SMC in a quagmire | The Daily Star
11:00 PM, December 09, 2009 / LAST MODIFIED: 11:00 PM, December 09, 2009

SMC in a quagmire

Supply of contraceptives stops for 'inner chaos'

The number of unwanted pregnancies and unsafe abortions is likely to rise because the nation's largest provider of contraceptive products has been inoperative since August due to power outages at its highest levels.
A top official from the NGO Social Marketing Company (SMC) said that the company is facing “inner chaos”.
The chairman of SMC Jalaluddin Ahmed refused to step down after his two year term ended in May this year and members of the SMC board of directors subsequently lodged a legal suit against him remaining in post.
The Supreme Court issued a moratorium banning any further meetings of the board of directors until the issue is resolved.
The company's operations have come to a standstill because decisions relating to the procurement of contraceptive products must be approved by the board of directors.
SMC has enough stock in its warehouses to last for the next three months but as the procurement process itself takes between three and six months, company insiders have said it is critical that the process resumes immediately.
“If SMC is unable to deliver family planning products it will be disastrous for the population control programmes of the country”, said a member of the National Institute of Population Research and Training (NIPORT), who spoke on condition of anonymity.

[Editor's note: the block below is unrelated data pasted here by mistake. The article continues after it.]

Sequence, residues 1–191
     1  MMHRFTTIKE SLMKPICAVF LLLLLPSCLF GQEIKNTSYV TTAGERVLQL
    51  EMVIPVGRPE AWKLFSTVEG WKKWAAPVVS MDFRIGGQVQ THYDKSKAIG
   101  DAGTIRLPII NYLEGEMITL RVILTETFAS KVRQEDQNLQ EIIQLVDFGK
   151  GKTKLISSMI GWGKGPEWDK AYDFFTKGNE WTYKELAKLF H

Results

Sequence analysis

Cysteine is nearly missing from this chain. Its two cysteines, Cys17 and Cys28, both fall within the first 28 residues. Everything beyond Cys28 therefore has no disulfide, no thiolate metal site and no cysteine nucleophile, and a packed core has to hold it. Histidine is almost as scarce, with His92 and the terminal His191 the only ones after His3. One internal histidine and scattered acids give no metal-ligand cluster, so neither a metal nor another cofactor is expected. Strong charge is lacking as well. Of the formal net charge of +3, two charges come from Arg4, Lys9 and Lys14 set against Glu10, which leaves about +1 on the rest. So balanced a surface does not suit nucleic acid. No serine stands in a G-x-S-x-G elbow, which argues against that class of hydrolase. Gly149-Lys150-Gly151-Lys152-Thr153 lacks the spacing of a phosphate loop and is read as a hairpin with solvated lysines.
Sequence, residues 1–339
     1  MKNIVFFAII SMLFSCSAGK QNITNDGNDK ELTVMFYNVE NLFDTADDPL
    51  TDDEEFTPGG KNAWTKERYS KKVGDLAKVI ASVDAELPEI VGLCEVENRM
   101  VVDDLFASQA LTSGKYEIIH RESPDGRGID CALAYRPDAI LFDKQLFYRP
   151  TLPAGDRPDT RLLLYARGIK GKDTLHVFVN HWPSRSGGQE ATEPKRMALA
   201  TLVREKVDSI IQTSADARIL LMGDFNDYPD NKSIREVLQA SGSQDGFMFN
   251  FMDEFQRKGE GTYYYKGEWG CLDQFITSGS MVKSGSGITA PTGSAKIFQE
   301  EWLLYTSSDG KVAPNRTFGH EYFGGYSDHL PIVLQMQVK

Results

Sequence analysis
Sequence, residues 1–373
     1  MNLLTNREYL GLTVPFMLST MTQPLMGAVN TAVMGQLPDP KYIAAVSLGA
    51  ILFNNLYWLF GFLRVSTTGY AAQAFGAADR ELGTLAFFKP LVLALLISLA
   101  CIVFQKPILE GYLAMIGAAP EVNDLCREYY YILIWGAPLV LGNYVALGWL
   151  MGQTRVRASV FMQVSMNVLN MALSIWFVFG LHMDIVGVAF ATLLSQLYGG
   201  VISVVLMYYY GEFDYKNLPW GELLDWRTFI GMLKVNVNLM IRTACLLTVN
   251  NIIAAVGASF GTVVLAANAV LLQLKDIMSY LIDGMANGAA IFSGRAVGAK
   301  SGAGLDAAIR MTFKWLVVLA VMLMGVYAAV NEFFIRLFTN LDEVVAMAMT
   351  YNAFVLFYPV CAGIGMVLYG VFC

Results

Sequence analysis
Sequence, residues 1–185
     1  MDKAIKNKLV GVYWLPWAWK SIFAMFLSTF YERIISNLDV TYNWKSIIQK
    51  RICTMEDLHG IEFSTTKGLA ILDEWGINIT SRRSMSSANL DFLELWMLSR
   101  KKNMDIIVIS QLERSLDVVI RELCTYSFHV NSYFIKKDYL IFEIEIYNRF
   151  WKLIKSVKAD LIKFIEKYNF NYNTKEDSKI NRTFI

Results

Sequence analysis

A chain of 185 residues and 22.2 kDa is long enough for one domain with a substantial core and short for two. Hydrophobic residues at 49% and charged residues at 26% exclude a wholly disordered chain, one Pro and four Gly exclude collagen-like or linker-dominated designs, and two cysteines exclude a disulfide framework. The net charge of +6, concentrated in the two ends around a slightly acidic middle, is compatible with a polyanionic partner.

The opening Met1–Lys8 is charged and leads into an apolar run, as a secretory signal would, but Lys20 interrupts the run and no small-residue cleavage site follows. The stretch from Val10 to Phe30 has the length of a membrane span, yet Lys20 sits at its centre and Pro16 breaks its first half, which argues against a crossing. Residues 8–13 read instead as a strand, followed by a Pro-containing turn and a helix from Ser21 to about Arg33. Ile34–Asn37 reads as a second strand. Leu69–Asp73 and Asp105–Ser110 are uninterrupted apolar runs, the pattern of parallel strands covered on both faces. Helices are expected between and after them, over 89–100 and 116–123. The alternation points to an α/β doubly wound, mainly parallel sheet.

Government officials have warned that the public is likely to face an acute shortage of contraceptives if they are forced to rely solely on supplies from the private sector.
The Bangladesh Demographic and Health Survey (BDHS) 2007 estimates that 55.8 per cent of married women use some form of contraception.
Fifty-six per cent of married women take oral contraceptive pills, 18 per cent use a contraceptive injection, nine per cent rely on condoms and the rest depend on traditional methods.
Each year SMC supplies between 140-150 million condoms and 45 million packets of the monthly oral contraceptive pill.
According to the BDHS 2007, SMC has a 56.5 per cent market share of condoms and 44.8 per cent share of oral contraceptive pill purchases.
SMC Chairman, Jalaluddin Ahmed told The Daily Star yesterday, “The matter is now pending in the court and it is the court who will decide everything.”
Perveen Rasheed, Managing Director of SMC told The Daily Star yesterday, “I hope all the problems will be resolved as soon as possible and we can continue to fulfill our commitment to the nation by providing birth control products.”
SMC imports condoms using government-approved funds and distributes them to shops, kiosks and NGOs at highly subsidised prices.
It also imports oral contraceptives and makes them affordable for the low and medium income groups.
SMC is the world's largest privately-managed not-for-profit organisation to operate in a single country.

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